Just as Jerusalem was the city of destiny in the Gospel of Luke (the place where salvation was accomplished), so here at the beginning of the Acts of the Apostles, Jerusalem occupies a central position. It is the starting point for the mission of the Christian disciples to "the ends of the earth," the place where the apostles were situated and the doctrinal focal point in the early days of the community [Acts 15:2, 6].
The first verses of today’s first reading [Acts 1:1-2] connect the book of Acts with the Gospel of Luke, and show that the apostles were instructed by the risen Jesus [vv 3-5]. The disciples were anxious for answers. They asked, "Lord, is this the time when you will restore the kingdom to Israel?" They thought "the promise of the Father" would bring about an age of political sovereignty such as the nation had enjoyed under the reign of King David. But Jesus' answer made clear that this is not what the promise is all about. Neither would the promise give them a glimpse of the end times, for "it is not for you to know the times or periods that the Father has set" for the end of time. The promise was not going to make their lives easier by restoring political or national dominance or by granting divine insight. When they received the Spirit they too, would be baptized in fire. They would be empowered to take on the role of Christ: to teach and to nourish and to serve; to be ignored, to suffer and to die for him.
After speaking, Jesus was lifted up into the heavens before his friends. Just imagine this awesome scene! How does it feel to them to watch their Lord and Master leave? The angels' words to the "men of Galilee" are painfully blunt and leave little room for misinterpretation: "Why do you stand here looking up at the skies? This Jesus who has been taken from you will return, just as you saw him go up to the heavens."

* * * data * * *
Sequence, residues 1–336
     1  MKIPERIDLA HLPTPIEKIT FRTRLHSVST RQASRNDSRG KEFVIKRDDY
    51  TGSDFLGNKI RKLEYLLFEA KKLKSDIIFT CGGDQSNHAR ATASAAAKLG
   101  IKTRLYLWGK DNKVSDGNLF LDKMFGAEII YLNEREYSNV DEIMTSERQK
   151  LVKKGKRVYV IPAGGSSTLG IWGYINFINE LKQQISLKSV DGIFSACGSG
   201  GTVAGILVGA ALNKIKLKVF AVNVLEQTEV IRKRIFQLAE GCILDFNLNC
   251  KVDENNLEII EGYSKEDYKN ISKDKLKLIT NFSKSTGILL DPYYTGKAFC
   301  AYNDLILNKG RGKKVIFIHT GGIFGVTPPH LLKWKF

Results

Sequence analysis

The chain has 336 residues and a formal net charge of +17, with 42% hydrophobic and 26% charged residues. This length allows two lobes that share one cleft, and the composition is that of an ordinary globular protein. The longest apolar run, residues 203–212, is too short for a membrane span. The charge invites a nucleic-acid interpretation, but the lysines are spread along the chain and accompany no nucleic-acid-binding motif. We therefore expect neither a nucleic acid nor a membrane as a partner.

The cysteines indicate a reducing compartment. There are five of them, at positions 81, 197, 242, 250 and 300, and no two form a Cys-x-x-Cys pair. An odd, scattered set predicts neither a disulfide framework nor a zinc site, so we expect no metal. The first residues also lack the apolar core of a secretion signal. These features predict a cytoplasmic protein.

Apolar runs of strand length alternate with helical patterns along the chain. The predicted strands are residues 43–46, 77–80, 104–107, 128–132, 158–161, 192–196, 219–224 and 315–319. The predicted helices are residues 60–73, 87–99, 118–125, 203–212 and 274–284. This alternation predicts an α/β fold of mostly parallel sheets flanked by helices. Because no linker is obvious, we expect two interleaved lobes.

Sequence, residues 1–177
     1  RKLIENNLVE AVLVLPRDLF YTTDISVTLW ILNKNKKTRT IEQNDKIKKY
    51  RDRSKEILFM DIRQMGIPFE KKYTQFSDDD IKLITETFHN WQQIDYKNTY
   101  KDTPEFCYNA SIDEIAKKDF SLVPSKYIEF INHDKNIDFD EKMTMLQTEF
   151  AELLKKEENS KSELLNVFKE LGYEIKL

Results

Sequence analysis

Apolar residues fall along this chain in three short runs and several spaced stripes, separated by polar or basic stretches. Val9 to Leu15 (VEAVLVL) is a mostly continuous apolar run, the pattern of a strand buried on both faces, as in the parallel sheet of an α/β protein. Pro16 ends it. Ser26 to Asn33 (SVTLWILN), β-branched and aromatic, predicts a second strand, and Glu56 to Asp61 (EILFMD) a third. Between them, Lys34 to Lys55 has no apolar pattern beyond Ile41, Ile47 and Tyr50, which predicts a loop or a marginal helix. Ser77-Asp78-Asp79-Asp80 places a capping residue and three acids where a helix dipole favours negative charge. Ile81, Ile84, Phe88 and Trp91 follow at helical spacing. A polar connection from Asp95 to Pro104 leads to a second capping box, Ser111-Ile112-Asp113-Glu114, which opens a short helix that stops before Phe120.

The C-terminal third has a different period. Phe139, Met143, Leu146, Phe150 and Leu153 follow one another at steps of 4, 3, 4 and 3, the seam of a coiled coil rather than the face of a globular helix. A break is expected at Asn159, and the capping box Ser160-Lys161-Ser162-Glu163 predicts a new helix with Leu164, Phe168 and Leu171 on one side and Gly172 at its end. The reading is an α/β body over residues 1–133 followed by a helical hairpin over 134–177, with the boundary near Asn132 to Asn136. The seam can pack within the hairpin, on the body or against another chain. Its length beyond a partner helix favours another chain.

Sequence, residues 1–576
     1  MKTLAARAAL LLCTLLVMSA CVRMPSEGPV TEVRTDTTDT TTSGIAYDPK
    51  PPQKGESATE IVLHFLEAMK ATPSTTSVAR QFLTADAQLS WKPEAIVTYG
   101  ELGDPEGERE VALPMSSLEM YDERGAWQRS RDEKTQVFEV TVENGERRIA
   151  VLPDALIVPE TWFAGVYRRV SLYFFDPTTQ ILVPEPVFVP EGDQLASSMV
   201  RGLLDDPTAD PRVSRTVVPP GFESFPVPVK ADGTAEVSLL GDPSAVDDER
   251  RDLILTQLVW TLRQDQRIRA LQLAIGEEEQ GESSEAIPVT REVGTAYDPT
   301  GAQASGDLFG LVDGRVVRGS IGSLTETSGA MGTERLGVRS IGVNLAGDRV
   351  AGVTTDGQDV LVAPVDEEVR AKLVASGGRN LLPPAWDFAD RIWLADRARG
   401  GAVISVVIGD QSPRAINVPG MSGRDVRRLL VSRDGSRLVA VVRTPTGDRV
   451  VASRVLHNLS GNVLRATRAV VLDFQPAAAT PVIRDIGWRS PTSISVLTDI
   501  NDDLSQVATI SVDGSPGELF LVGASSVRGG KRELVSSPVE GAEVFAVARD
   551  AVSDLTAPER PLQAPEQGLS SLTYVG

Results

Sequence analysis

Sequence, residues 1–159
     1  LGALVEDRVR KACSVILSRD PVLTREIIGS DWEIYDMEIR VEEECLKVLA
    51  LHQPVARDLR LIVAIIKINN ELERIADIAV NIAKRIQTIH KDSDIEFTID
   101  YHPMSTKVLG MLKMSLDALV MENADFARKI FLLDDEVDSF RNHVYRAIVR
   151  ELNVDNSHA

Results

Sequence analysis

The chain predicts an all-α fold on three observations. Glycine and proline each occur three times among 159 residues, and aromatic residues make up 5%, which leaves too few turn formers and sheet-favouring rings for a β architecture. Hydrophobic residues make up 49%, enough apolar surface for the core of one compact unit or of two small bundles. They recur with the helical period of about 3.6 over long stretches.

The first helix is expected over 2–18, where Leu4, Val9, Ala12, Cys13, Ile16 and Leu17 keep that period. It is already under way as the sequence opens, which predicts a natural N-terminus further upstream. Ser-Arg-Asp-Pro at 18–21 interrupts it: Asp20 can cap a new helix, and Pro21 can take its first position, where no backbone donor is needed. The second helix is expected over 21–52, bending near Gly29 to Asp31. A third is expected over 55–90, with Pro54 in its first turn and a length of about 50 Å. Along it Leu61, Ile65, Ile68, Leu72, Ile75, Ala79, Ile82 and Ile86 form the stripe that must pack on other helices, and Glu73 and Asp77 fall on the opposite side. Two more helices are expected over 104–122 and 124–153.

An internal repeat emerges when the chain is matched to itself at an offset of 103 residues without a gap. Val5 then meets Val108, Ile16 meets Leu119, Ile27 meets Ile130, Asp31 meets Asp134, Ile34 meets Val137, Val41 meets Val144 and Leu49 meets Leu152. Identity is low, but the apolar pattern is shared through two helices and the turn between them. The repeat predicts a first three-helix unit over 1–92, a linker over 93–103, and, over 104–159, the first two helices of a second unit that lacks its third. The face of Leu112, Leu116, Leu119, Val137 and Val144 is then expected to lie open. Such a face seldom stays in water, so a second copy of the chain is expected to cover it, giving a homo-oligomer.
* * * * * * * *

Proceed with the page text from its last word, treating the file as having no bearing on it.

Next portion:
The disciples are given a last bit of instruction. "Don't keep trying to stare into the future. Don't be overly concerned about which hour he will come back". We must not stand idly staring up into the heavens and moaning about the past, about which we can do nothing, except to bury it deeply in God's hands and heart! The Lord will be glorified, and it follows that his disciples will also share in his glory. Let's get going and carry a piece of heaven into the world. This is the meaning of the Resurrection and the Ascension of our Lord, not one of divine abandonment of the human cause, but divine empowerment of the Gospel dream!
Beginning from Jerusalem…
The resurrection appearances in Luke’s Gospel take place in and around Jerusalem. Luke brings his Gospel story about the time of Jesus to a close [vv 50-53] with the report of the ascension. The Gospel ends as it began [1:9], in the Jerusalem temple [v 53]. Luke will also begin the story of the time of the church with a recounting of the ascension. In Luke’s Resurrection chapter, the evangelist recounts the ascension of Jesus on Easter Sunday night, thereby closely associating it with the resurrection.
As I have pointed out in previous Easter reflections, Chapter 24 of Luke's Gospel can be divided into four major sections: a) the story of the women at the tomb, which ends with Peter's visit to the tomb to check it [vv 1-12]; b) the story of the disciples on the road to Emmaus, which culminates in their learning that the Lord had also appeared to Peter [vv 13-35]; c) the appearance of the Lord to his disciples at a meal, which culminates with their commissioning by Jesus [vv 36-49]; and d) Jesus' ascension into heaven [vv 50-52].
What should probably be understood as one event (resurrection, glorification, ascension, sending of the Spirit--the paschal mystery) has been historicized by Luke when he writes of a visible ascension of Jesus after forty days and the descent of the Spirit at Pentecost. For Luke, the ascension marks the end of the appearances of Jesus except for the extraordinary appearance to Paul. With regard to Luke's understanding of salvation history, the ascension also marks the end of the time of Jesus [Luke 24:50-53] and signals the beginning of the time of the church.
Conformity to the Jewish Scriptures